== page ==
It is with great sadness and a profound sense of loss that we inform you of the death, this Friday, June 21, of our beloved teacher, friend, colleague and rabbi, Richard Levy.
It hardly risks exaggeration to call Richard a giant of our generation. He began his rabbinic career, within weeks of ordination from HUC-JIR in 1964, in jail, after desegregating a pool in St. Augustine, FL, under the leadership of Rev. Martin Luther King, Jr. Later, in Los Angeles, he served as assistant rabbi at Leo Baeck Temple, and subsequently led both UCLA Hillel and the Los Angeles Hillel Council. Finally, as our campus’ director of the School of Rabbinical Studies until 2009, Richard oversaw the shift to a full-fledged rabbinical program. He continued as rabbi of the Synagogue and director of Spiritual Growth until 2014.
Ever the intellectual and spiritual thinker, Richard also emerged in these years of organizational leadership as a major liturgist. He contributed to the 1975 Gates of Prayer, and beyond the Movement, he edited and translated On Wings of Awe, On Wings of Freedom, On Wings of Light. In 2017 he completed his translation of and commentary to the Book of Psalms, called Songs Ascending.
Perhaps Richard’s influence is most associated with his 2005 book, A Vision of Holiness, in which he reworked the 1999 CCAR “Statement of Principles for Reform Judaism,” the platform he championed as the CCAR president and which enshrined our Movement’s shift to greater traditionalism. In this chapter of his career, Richard, as much as any single person, was responsible for the flavor and orientation of Reform Judaism as we widely experience it today.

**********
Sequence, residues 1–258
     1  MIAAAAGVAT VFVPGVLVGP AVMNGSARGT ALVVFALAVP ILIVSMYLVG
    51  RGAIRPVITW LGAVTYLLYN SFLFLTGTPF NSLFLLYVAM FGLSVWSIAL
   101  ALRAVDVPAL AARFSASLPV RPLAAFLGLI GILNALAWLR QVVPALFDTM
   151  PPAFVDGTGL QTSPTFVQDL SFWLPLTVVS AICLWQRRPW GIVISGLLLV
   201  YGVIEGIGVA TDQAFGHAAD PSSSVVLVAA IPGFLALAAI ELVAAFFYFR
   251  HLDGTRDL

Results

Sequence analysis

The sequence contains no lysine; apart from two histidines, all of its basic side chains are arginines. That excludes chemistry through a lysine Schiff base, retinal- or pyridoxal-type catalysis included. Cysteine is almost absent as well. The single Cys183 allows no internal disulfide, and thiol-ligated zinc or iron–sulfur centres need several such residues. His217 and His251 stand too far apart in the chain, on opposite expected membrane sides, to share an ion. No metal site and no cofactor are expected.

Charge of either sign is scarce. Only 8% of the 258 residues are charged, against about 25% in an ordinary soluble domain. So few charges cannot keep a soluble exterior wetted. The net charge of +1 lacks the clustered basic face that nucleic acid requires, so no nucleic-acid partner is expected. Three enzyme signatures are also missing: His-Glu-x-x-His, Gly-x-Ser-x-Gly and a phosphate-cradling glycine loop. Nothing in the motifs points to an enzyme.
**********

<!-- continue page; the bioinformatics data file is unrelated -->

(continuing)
Most of all, we on the Skirball Campus knew Richard as our colleague, teacher, and dear friend of many years. For all his professional genius Richard was, for us, the rabbi who sought to excavate his own soul, as well as the souls of those whom he encountered—always asking piercing questions posed with a remarkable gentleness and unabashed human interest. He was not above a wry smile and ironic remark, nor did he shy from an ideological argument. But he emanated indiscriminate kindness and warmth, the ultimate mark of his personality and, we believe, legacy.
How much greater the love he held for his family? Of his wife of 43 years, Carol, who died in 2015, he spoke with frank passion. And his heart always resided with his treasured daughters, Sarah and Elizabeth, the objects of his greatest tenderness and admiration, just as he expressed special affection for their husbands, Connor and Chad, and of course for his grandson, Elijah.
We know we speak for the entire campus community, when we offer our most heartfelt condolences to Sarah, Elizabeth and their families, in the hopes that, in sharing their grief we might also, in some small way, lighten it.
Funeral services and burial will be held on:
Tuesday, June 25 at 11:00 AM
Hillside Memorial Park, 6001 W Centinela Ave., Los Angeles, CA 90045
Reception and Shiva information to follow.
May God console Sarah, Elizabeth and their families, together with their fellow mourners of Zion and Jerusalem,
Dr. Joshua Holo, Dean
Dr. Madelyn Katz, Associate Dean